Power Trios Features AquaGym Fitness founder, Stephanie Newberry, who specializes in high intensity interval workouts. Aqua Gym Fitness (AGF) workouts are all taught to a timed interval template, but the structure of each workout is different. Power Trios features several sets of three exercises which vary in intensity from hard, harder to hardest, with the first move serving as active recovery. Each round increases in duration by including an extra trio of moves, starting at 3 minutes for the first round and then progressing to the final segment, The Finisher, which is a grueling 15 minutes.
What is VIIT?
High intensity interval training (HIIT) features all-out work cycles paired with rest cycles and has been very popular in the fitness industry over the last few years. However, regular interval training has been around for a much longer time period, often pairing a higher intensity cardio move with lower intensity strength exercise. Variable Intensity Interval Training (VIIT) is a form of interval training, typically starting with a high-intensity move performed at maximal effort, followed by a medium intensity interval with an emphasis on strength or endurance, and then finishing with a low-intensity round with an emphasis on mobility or strength. Power Trios follows this protocol but flips the training by doing the lower intensity move first. During the workout, this first lower intensity move serves as recovery. Read more about VIIT vs HIIT in this NASM article by Fabio Comana.
Utilizing lower intensity moves as active recovery differs from HIIT workouts in which the recovery cycle is usually complete rest, also known as passive recovery. The recent Aqua Tabata Remix workout is an example of a HIIT workout using passive recovery. Many fitness enthusiasts prefer active recovery because they keep moving during their exercise routine. Instructors like it because it keeps the students more engaged in the workout. WATCH Stephanie explain the benefit of variable intensity and active recovery.
Power Trios features a stemplate in which the rounds increase in duration as the workout progresses. The first round features one trio for 3 minutes and progresses to the fourth round which has four trios and is 12 minutes long. The last round is the famous AquaGym Fitness surprise ending and is called The Finisher. As the deep water participant in this video, I can testify to the validity of that title. In this 15-minute round, all 10 trios, or 30 exercises are performed together as the Grand Finale.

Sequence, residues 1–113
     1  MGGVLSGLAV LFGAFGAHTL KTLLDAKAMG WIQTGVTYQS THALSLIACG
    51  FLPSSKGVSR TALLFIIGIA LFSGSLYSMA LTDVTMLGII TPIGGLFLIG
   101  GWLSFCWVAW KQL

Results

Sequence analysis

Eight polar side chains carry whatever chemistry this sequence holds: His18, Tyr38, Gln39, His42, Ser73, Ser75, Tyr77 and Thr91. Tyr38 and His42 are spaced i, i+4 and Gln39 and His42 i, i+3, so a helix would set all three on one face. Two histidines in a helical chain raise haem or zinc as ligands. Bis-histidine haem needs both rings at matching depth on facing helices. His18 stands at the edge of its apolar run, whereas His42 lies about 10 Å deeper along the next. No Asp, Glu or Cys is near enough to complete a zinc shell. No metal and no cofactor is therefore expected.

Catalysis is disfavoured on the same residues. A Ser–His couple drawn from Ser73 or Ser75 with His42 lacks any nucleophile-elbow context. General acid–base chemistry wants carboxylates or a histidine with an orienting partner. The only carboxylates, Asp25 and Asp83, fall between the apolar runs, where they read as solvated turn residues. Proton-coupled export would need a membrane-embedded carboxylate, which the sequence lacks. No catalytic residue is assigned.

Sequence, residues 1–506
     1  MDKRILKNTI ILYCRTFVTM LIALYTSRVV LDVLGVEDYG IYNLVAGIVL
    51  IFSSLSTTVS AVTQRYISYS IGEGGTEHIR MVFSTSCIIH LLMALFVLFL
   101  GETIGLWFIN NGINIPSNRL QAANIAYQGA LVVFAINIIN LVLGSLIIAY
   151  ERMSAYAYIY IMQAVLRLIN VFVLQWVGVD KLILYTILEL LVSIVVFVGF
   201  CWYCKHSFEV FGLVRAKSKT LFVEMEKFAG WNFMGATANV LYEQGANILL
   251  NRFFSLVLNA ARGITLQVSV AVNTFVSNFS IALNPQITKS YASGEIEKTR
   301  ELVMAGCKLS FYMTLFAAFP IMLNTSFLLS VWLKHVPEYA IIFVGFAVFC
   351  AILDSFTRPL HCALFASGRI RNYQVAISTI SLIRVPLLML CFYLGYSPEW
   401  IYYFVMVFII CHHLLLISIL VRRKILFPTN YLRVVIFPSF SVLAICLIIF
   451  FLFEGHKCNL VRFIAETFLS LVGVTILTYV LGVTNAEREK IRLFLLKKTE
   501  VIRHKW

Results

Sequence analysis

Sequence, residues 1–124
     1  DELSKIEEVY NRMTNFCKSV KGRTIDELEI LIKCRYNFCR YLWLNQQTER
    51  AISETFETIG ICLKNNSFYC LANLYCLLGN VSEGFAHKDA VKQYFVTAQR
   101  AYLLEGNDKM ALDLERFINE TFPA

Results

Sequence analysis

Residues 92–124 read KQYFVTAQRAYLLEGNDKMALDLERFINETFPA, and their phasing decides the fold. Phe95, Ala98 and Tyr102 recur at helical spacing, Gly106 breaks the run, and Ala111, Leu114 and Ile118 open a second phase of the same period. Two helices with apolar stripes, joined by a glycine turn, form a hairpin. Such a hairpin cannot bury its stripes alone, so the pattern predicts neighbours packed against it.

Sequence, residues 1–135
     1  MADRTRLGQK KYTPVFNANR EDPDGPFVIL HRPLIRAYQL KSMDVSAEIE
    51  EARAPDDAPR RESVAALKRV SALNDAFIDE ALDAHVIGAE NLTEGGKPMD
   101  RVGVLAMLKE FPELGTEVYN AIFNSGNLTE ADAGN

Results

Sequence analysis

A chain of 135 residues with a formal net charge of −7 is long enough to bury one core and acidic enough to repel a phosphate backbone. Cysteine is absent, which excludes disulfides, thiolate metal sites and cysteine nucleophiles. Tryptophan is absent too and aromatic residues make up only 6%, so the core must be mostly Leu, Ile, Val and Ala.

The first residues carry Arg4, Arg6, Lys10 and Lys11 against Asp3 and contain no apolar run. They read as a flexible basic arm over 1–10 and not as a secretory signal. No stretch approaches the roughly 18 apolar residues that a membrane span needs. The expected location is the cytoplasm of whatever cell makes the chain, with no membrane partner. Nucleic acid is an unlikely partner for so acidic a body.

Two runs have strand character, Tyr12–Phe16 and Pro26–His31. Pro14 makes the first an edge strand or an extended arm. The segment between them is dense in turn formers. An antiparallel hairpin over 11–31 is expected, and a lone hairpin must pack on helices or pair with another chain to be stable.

Like many other instructors, Stephanie and her team have learned the value of teaching dual depth programs in the COVID era. Spatial considerations have become more important due to social distancing. Programs that can be performed in both deep and shallow water simultaneously are ideal because they optimize available pool space. Dual depth programs also provide participants with a choice, which is often appreciated given that many aqua enthusiasts have a strong preference for deep or shallow water.
Deep or shallow, I am confident you will be challenged by this variable intensity interval training (VIIT) workout. If you need to increase the challenge, try performing the recovery move at a higher intensity and also consider adding drag equipment, such as webbed gloves or the Aqualogix upper body bells and lower body ankle fins.
The weather is warming up here in Florida and spring is in the air. Enjoy!
Author: Mark Grevelding is the founder of Fitmotivation. He is also a training specialist and consultant with the Aquatic Exercise Association’s (AEA). Mark has been active in the fitness industry for 22 years as a group fitness instructor, personal trainer, international presenter and a continuing education provider for AEA, AFAA & ACE.